Headache prevalence and etiology vary dramatically with age. The prevalence of primary headache disorders, such as migraine and cluster, declines with age, while the prevalence of secondary headache disorders, such as temporal arteritis and mass lesions, increases. In evaluating elderly patients with new onset of headache, a high index of suspicion for organic disease is required. Headache symptomatology also varies with age. For example, migraine may evolve into a pattern of chronic daily headache, or auras may occur in the absence of headache (late-life migraine accompaniments). A careful longitudinal headache history is therefore important. Headache management is also influenced by age. Elderly people are more susceptible to medication side effects and are often treated with several drugs. Medications may cause headaches and drug interactions may complicate therapy. For these reasons, age of onset and duration of illness are critical headache features that guide the subsequent approach to diagnosis and treatment.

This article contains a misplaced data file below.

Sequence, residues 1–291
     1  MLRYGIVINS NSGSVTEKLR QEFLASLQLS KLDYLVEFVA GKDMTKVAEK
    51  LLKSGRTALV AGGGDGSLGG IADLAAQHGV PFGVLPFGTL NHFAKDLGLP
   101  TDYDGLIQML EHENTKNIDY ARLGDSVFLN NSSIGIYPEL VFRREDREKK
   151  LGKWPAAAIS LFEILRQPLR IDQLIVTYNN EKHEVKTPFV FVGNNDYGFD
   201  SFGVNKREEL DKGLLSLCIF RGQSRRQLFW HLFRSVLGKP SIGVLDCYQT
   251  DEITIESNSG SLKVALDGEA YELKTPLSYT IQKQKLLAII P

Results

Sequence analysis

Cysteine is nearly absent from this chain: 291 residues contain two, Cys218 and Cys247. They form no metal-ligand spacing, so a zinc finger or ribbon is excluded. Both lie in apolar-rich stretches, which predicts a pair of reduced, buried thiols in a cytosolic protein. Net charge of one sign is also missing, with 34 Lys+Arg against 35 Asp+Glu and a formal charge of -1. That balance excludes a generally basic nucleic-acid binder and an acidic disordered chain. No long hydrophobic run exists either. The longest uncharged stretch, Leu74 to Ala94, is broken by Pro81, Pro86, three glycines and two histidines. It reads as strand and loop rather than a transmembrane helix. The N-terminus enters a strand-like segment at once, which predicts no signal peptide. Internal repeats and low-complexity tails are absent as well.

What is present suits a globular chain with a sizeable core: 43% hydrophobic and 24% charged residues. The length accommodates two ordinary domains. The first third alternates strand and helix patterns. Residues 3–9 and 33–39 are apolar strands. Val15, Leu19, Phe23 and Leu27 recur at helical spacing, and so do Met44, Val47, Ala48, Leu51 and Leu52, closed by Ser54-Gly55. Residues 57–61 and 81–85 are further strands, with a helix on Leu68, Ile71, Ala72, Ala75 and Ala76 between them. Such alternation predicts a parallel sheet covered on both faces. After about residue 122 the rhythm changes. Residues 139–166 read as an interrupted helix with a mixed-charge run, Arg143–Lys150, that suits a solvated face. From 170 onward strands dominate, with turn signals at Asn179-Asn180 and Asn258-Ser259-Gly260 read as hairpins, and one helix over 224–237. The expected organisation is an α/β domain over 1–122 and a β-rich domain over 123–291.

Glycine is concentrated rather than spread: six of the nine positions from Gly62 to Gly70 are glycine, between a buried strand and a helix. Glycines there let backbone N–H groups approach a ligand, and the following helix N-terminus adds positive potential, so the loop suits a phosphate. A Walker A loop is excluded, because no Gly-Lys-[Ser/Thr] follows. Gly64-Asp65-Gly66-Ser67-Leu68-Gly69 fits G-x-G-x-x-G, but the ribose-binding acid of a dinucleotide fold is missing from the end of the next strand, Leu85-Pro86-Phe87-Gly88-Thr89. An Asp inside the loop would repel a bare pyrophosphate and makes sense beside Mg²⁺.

ASJC Scopus subject areas
- Clinical Neurology
- Anesthesiology and Pain Medicine